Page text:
11 Simple Ways to Live in the Moment And Be More Present Like Gwyneth Paltrow
Mindfulness can assist with stress, anxiety, and depression.
Goop founder Gwyneth Paltrow recently made the very on-brand announcement that she was taking a break from social media. "Going to focus on being present," she said in an Instagram post about her sabbatical. If that aim sounds appealing to you—being more present, even if you can't bear to give up Facebook—know that experts say it can have real mental health benefits. Actively concentrating on the present, also known as mindfulness, has been touted as an effective therapy for stress, anxiety, and depression. Here are 11 simple ways you can do it.
Focus on Your Surroundings
Take some time to observe what's around you—items in a room, a view outside, people passing by—while clearing your mind of all other thoughts. Experts say practicing this technique can make you more adept at appreciating the present moment in other situations, such as a conversation with a friend or time with family.
Do Breathing Exercises
Mindful breathing—concentrating on your breath as you inhale and exhale—"can be a powerful tool for managing your emotions, improving your mental wellness, and learning to live in the moment," says PsychCentral.
Think about five things you're grateful for right now. Whether you just review them mentally or write them down daily—a technique experts recommend—expressing gratitude puts you in a positive mindset and can override your worries about work stress, your car payment, or the world at large.
Mindfulness meditation "involves paying close attention to the present moment — especially our own thoughts, emotions and sensations — whatever it is that's happening," writes David Gelles in the New York Times. "Even just a few minutes a day can make a big difference."
The opposite of multitasking, "mono-tasking allows us to pay attention to a single task at a time," explains Rolling Stone. "It teaches us the ability to stay present in the moment, lessening our work-related stress and anxieties. It can help us elevate our focus and gradually enhance our well-being."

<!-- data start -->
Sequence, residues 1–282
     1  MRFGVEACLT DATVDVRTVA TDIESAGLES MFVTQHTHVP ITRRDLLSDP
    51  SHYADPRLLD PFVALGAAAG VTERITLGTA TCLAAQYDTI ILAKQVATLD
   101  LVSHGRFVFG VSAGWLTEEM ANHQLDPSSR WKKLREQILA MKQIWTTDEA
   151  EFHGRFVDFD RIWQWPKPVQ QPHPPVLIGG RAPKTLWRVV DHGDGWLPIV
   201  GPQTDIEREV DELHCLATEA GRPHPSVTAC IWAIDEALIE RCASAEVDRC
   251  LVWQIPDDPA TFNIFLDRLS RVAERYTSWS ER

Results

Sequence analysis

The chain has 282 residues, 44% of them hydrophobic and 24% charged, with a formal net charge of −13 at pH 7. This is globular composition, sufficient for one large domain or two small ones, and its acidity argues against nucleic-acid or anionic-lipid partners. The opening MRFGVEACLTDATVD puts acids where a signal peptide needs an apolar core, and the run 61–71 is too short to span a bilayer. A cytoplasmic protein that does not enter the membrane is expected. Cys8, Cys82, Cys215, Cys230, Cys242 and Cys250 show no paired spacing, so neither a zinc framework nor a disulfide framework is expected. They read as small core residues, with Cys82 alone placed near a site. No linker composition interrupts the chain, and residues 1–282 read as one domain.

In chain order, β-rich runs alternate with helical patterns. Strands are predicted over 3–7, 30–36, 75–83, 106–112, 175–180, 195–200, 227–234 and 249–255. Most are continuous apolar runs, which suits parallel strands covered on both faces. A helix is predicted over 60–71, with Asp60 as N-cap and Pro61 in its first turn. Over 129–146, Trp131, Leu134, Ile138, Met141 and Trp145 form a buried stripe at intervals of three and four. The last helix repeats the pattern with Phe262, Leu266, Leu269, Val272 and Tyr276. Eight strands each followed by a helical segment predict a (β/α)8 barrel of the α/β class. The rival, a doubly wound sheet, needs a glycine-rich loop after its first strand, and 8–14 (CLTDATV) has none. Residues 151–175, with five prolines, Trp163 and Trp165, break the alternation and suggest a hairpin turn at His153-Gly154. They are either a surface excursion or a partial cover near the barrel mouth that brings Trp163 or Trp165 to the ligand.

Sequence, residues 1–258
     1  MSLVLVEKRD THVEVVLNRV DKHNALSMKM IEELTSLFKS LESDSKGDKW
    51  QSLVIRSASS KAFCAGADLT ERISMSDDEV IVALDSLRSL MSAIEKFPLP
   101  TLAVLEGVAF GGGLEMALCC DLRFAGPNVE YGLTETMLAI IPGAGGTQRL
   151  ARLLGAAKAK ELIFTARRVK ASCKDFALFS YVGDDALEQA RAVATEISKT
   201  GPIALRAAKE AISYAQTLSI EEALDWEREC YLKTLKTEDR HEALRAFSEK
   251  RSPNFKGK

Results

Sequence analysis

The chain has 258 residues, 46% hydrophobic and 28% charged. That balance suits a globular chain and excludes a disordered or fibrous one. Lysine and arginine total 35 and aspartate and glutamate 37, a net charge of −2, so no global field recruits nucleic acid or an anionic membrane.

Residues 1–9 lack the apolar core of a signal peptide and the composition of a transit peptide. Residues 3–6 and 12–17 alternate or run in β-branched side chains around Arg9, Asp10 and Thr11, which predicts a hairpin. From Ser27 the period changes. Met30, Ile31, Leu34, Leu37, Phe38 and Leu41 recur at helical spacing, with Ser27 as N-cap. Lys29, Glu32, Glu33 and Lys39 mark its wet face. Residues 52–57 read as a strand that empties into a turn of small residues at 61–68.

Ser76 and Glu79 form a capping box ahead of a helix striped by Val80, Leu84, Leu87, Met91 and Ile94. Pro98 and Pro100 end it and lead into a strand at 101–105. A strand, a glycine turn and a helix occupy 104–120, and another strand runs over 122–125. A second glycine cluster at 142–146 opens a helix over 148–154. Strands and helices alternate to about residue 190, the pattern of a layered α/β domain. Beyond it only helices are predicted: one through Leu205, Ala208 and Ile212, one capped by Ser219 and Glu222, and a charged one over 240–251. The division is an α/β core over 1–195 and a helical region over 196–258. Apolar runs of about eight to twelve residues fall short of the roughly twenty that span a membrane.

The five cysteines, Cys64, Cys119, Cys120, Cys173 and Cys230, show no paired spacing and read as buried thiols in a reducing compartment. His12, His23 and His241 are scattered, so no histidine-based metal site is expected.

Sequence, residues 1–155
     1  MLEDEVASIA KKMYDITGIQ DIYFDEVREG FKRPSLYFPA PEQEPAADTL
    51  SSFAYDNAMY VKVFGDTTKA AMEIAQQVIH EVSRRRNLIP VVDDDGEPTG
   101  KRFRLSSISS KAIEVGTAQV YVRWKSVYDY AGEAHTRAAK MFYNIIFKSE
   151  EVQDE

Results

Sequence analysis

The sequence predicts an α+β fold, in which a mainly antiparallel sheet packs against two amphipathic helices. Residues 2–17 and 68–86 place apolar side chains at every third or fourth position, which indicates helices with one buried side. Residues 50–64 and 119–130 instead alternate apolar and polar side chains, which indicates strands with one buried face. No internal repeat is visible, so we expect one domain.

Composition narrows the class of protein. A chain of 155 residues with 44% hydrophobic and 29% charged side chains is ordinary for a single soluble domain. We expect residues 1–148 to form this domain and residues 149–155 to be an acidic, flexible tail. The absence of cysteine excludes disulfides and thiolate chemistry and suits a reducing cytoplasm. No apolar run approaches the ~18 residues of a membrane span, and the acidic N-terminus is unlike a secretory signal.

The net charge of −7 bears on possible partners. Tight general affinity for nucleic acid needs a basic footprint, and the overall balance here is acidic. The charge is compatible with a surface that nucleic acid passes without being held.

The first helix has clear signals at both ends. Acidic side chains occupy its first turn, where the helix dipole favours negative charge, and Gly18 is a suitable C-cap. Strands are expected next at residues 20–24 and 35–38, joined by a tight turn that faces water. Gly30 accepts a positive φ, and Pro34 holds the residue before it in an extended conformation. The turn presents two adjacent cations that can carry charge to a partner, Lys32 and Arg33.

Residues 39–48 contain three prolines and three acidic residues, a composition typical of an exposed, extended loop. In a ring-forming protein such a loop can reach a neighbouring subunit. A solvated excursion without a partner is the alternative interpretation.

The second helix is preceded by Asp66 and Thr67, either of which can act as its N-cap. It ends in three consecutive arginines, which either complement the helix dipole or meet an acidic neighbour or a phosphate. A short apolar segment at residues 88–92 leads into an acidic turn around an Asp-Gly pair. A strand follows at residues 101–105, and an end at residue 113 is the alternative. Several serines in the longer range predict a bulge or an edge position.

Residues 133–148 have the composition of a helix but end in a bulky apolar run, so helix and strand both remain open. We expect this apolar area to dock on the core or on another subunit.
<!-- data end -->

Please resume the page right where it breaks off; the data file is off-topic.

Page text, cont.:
Accept Uncomfortable Feelings
Also known as radical acceptance, this is "being open to the way things are in each moment without trying to manipulate or change the experience—without judging it, clinging to it, or pushing it away," writes Jay Dixit in Psychology Today. "The present moment can only be as it is. Trying to change it only frustrates and exhausts you. Acceptance relieves you of this needless extra suffering." For example: If you've just gone through a breakup, instead of focusing on the pain, tell yourself, "I've just had a breakup. Feelings of loss are normal and natural. It's OK for me to feel this way."
Mindfulness-Based Stress Reduction is a program developed by Jon Kabat-Zinn, Ph.D., based on traditional Buddhist mindfulness and meditation. Eight-week courses are available in-person or online from a variety of organizations.
Make Time for Mindful Exercise
Yoga, tai chi, and qigong are relaxed workouts that focus on breathing and the movement of the body. This can make you feel more present and connected to your body.
Reducing distractions is one of the easiest ways to stay focused on the present. For example: Putting your phone away while you're working, socializing with friends, or eating a family meal.
Mindless snacking and eating at mealtimes are bad habits that have real health consequences: They can lead to overeating and obesity. Taking the time to appreciate each bite of a meal can make it more enjoyable and stave off overindulging.
Write in a Journal
Journaling daily can help you process the events of your day, reduce stress, and help you appreciate the present. Experts advise writing freely—jot down whatever comes into your mind without censoring yourself.